Chennai: Later part of July 2010 saw unprecedented activity in the world media, and set the proverbial cat among the pigeons. Wikileaks– a relatively unknown organization till then- released 92,201 internal records of actions by the U.S. military in Afghanistan between January 2004 and December 2009, into the public domain. Dubbed as ‘the biggest leak in intelligence history’ it graphically represented the way Americans conducted their “war to liberate Afghanistan from Taliban.” The situation was exacerbated when Wikileaks, undeterred by pentagon’s warning not to publish any more papers, released 391,832 similar reports called ‘Significant Action in the war (SIGACT),’ this time about the American war in Iraq.
The content of Wikileaks’ revelation contradicts the statements made by
American officials through the years, that they did not have any information about civilian casualties in Iraq and Afghanistan. The reports which were written by solders from war field, describes shootings, roadside bombings, and the execution-style killings and targeted assassinations that left bodies in the streets of Baghdad at the height of sectarian violence that pushed the country to the brink of civil war. What is also exposed in these disclosures is the fact, that suspects were deliberately handed over to the Iraqi torture squads, and their plight was conveniently over looked.
Curiously though, the response of the media ranged from a mooted coverage of war crimes, inspiring a well intentioned and helpless silence at the best, to a derisive yawn of insensitivity at the worst. The world failed to even acknowledge the America’s dubious conduct in the war, particularly when it claims that it is never an aggressor, but is always a defender of liberty and equality along with other virtues, and never tires of preaching to the whole world about the sanctity of human rights. The media is now engrossed with the ridiculous debate of whether it was ethical to publish those records.
The ongoing debate is structured as if the very act of violence on a flimsy pretext is less heinous than the act of releasing the papers which chronicle those acts into the public domain. Pentagon’s contention is that because of these exposed documents lives of American soldiers are in peril. In an opinion piece on the Fox News site, Christian Whiton while calling upon US president to declare people associated with Wikileaks as enemy combatants, expressed his dismay by saying “How much will our information-collection capabilities have to be diminished, and how many of our friends and collaborators around the world must die, before President Obama and his friends on Capitol Hill start caring more about national security?” Will Mr. Whiton elaborate, about who those friends are and what they collaborate on? Perhaps they may be collaborating in some subversive plots in the greater interest of democracy and liberty for rest of the world.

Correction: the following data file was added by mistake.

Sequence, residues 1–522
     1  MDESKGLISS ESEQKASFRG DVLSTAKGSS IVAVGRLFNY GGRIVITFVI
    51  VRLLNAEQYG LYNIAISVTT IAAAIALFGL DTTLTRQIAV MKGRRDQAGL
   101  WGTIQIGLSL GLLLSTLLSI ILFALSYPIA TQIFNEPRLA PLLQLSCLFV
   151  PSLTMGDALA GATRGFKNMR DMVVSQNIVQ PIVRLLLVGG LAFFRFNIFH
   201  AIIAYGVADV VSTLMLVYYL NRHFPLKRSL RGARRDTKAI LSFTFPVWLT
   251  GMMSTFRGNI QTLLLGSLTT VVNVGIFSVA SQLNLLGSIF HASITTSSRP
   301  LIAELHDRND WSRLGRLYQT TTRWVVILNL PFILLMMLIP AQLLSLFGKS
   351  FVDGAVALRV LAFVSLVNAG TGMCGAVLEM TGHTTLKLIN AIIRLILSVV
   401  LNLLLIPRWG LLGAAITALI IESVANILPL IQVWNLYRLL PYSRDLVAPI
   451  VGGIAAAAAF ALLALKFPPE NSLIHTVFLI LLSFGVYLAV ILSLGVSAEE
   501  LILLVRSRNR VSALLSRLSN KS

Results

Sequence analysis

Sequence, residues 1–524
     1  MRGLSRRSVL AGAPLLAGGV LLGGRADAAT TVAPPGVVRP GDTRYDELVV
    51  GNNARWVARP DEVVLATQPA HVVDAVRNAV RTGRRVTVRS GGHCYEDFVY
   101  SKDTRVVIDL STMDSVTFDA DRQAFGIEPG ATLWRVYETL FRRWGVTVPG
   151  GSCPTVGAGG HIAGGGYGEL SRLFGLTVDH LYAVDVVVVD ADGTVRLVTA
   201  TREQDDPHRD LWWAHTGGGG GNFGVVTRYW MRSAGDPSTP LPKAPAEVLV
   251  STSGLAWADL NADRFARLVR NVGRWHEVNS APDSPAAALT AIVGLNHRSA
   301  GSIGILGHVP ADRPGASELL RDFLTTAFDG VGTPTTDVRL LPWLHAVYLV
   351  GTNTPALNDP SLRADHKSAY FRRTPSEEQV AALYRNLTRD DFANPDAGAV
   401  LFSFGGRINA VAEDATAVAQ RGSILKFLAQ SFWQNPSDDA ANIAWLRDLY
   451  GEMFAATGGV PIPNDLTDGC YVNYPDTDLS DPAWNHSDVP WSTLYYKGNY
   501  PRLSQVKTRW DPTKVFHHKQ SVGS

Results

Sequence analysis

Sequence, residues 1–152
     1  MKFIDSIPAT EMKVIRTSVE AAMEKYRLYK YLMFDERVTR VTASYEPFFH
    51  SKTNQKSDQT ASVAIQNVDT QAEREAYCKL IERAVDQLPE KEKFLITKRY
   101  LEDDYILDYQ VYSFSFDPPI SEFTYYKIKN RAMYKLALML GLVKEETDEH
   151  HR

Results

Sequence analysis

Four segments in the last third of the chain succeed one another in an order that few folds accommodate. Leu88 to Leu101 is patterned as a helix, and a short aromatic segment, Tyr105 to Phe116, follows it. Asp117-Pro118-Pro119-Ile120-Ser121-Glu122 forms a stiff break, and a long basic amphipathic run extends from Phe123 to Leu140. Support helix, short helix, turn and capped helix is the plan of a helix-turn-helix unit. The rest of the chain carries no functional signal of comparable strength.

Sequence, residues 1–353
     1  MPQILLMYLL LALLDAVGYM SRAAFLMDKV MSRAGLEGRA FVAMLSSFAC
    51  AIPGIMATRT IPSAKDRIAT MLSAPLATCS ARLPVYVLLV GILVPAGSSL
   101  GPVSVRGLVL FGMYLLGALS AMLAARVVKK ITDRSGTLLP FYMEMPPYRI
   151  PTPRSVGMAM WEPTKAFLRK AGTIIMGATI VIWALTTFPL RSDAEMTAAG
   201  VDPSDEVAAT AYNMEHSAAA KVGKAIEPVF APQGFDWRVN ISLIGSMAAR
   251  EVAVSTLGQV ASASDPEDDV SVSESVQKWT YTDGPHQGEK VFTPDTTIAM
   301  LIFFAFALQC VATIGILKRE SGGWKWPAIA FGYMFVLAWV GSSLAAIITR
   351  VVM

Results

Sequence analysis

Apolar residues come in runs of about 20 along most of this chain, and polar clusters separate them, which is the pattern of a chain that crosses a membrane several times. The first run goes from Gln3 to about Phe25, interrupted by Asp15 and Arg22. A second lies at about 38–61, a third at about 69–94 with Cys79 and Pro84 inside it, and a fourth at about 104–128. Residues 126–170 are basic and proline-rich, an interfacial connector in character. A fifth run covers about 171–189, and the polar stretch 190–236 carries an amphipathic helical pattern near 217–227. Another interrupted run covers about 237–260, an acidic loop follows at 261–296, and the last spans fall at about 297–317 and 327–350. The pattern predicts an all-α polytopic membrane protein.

In an article in Guardian, Daniel Ellsberg, who in 1971 leaked confidential Pentagon papers chronicling Vietnam war, contends that information revealed by Wikileaks does not endanger the safety of any American either in Iraq or in Afghanistan, and since July 2010 not a single life was lost owing to the publishing of secret documents. Instead, he says, that Pentagon should be held accountable for its activities and if 15000 American lives were lost instead of Iraqi lives the response of American government would have been different.
One more notable development of these expose is the role being played by media in character assassination of Wikileaks founder Julian Assange. In an article in Salon, Glenn Greenwald says that Assange is being victimized just like Daniel Ellsberg during President Nixon’s time.
Even though the New York Times defended itself against the criticism of its coverage of the issue and also on the issue of attacking Assange, one issue remains unanswered. Does Pentagon want the whole world to believe that there was no violation of all the principles that America stands for, by its army in Iraq and Afghanistan? Did anyone really belive that Uncle Sam invaded these countries to distribute chocolate candy? War is a dirty business, and even America should not have unreasonable expectations, that in this age of instant information its atrocities can be camouflaged. Once the juggernaut of war machine starts to roll, collateral damage is unavoidable. It is the responsibility of the government, to keep the objective of the war on track, and to hold accountable the people responsible for their lapses. Rather than trying to gag the media it will be in the larger interest of civil society that American government takes some corrective measures.
Media houses, whose influence is disproportionate, should not fall into the trap of jingoism and should sensitise the societies so that proper checks and balances remain in the system.